Olympic Summit fires the starting gun in the Race Against Hunger
Double Olympic champion Mo Farah passed the baton in the Race Against Hunger to the Prime Minister as Sunday's Global Hunger Summit fired the starting gun on what could be the biggest-ever push against hunger.
Sunday 12 August 2012
Developing and rich countries, as well the private sector, agreed to commitments that will help the world tackle the scourge of childhood malnutrition which claims the lives of 300 children every hour of every day.
And the Prime Minister promised to put hunger at the top of his international agenda:
"The hard truth is that, while we’ve made huge strides in the last decade on things like education, malnutrition rates have stagnated. I’m determined that Britain helps change this," he said.
But today's summit was only the start of the Race Against Hunger.
Next year, with Britain's presidency of the G8, David Cameron has a historic opportunity to lead the world in delivering real change for the world's poorest children.
Our chief executive Justin Forsyth said after today's summit: "The important commitments made here - from wealthy and developing world nations as well as the private sector - are just the beginning.
"If we are to save 25 million more children from malnutrition by the Brazilian Olympics in 2016, then we need unprecedented political action, private and public investment and a massive increase in life-saving programmes.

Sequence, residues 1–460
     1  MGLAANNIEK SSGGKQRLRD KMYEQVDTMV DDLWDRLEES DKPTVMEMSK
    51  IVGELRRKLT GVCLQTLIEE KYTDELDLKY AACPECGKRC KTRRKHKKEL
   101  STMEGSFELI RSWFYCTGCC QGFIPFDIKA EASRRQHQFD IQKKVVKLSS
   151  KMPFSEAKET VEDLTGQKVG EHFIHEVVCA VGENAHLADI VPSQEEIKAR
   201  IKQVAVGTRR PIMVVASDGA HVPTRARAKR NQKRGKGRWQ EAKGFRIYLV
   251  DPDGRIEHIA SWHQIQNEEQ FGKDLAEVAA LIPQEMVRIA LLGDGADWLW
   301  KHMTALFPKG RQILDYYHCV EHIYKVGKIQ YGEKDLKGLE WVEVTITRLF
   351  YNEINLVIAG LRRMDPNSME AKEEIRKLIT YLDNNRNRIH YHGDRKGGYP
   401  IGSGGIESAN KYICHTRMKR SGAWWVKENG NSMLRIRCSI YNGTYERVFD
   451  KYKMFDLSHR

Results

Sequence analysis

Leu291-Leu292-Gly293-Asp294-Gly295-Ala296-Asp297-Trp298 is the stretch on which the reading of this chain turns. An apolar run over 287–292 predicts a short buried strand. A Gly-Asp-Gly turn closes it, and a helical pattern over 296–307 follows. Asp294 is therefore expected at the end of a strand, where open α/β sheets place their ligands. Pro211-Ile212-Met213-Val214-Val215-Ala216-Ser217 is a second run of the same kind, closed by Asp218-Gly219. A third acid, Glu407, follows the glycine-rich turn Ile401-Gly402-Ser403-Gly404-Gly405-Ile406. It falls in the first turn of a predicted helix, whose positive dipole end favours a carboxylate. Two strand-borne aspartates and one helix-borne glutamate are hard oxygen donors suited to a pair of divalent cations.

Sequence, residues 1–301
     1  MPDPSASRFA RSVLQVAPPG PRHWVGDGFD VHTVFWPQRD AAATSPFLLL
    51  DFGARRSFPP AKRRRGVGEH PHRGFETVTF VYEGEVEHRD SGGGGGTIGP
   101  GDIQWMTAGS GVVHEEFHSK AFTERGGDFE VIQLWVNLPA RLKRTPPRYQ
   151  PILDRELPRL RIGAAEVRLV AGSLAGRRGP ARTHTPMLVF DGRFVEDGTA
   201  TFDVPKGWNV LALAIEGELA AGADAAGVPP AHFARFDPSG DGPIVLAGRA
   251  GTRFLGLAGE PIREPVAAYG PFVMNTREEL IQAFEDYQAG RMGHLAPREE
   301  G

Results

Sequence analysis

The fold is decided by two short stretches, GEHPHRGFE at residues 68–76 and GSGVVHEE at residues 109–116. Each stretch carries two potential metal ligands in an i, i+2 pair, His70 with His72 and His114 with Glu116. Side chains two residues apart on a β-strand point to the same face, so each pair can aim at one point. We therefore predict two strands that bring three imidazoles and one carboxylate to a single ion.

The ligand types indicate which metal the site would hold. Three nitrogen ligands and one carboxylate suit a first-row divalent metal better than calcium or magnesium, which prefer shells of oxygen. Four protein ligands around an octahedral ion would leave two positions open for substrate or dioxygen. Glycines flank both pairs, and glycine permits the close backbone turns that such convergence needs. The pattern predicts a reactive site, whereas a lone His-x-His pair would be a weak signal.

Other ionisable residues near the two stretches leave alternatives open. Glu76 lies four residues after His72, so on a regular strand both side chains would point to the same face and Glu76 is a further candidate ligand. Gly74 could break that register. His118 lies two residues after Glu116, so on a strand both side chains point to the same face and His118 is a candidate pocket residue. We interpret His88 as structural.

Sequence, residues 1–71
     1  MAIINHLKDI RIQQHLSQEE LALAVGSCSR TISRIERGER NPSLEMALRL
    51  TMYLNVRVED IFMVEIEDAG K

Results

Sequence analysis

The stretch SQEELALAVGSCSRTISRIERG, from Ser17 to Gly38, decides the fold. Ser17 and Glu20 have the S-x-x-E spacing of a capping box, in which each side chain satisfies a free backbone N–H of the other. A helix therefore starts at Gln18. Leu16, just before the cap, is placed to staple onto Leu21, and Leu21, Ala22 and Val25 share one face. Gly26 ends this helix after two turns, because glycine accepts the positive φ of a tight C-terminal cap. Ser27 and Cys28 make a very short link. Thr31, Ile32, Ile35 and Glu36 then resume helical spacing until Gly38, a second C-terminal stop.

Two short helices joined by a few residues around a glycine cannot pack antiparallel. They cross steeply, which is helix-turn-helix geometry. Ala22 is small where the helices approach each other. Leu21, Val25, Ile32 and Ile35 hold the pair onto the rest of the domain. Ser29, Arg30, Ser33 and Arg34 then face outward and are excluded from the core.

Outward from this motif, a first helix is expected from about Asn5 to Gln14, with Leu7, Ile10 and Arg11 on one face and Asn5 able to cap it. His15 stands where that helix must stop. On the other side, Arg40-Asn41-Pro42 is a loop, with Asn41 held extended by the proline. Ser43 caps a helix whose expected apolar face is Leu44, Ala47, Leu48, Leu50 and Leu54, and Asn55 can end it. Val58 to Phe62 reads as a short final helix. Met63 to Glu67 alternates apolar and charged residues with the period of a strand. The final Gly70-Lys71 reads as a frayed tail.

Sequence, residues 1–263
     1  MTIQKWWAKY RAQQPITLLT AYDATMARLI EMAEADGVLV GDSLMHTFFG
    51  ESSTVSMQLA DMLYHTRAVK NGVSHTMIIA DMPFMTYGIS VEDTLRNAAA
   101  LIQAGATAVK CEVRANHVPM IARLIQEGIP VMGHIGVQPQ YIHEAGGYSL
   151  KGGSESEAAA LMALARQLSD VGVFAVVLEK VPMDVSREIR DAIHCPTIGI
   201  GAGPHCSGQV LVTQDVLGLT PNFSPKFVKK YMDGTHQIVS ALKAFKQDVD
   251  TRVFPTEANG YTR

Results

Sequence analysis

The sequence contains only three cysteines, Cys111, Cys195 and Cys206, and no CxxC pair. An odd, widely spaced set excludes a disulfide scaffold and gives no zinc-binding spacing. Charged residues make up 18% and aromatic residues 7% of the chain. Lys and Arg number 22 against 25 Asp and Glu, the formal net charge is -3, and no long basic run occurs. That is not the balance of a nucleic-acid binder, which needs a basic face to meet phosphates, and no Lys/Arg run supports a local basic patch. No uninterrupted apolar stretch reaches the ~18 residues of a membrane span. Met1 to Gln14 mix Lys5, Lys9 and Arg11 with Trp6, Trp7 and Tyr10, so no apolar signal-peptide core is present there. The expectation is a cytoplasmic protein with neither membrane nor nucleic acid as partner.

"With the presidency of the G8 next year, David Cameron and the UK government can deliver global leadership on hunger, ensuring a historic legacy for the world's poorest children from London's golden games."
Mo on the most important race of all
Olympic hero Mo Farah, fresh from his 5,000 metre victory, joined Save the Children child ambassadors, Olympic great Haile Gebrselassie and football legend Pele at Downing Street, before the summit.
The 10,000 and 5,000 metre champion, said: "Winning my second gold last night was a dream come true, but I'm here today for perhaps the most important race of all, the race to tackle hunger and malnutrition around the world.
"I am really pleased to meet with the Prime Minister and talk to him about this issue which is very close to my heart.
"Last year I visited Somalia during the famine. It was shocking to see people in the country where I was born simply not having enough food to eat.
"The London Olympics have been an incredible two weeks. And now we have an opportunity to make the legacy of these Olympics one that will inspire generations at home and also one that could save the lives of millions of children, and give them the chance to thrive and to fulfil their potential."
Some of the commitments announced at today's summit include:
- A doubling of India’s budget to improve the health and nutrition of 100 million women and children
- A major European Union commitment to take responsibility for reducing the number of stunted children in the world by 7 million by 2025
- UK multinationals Unilever and GSK - both Save the Children corporate partners - agreed to work to find ways to make nutritious food available to poor families at prices they can afford
Thousands of our supporters signed our petition and tweeted No.10 calling on David Cameron to put hunger at the top of his agenda. We also had great support from Mumsnet, The Nutrition Society, Ruth Clemens, and Healthy Futures.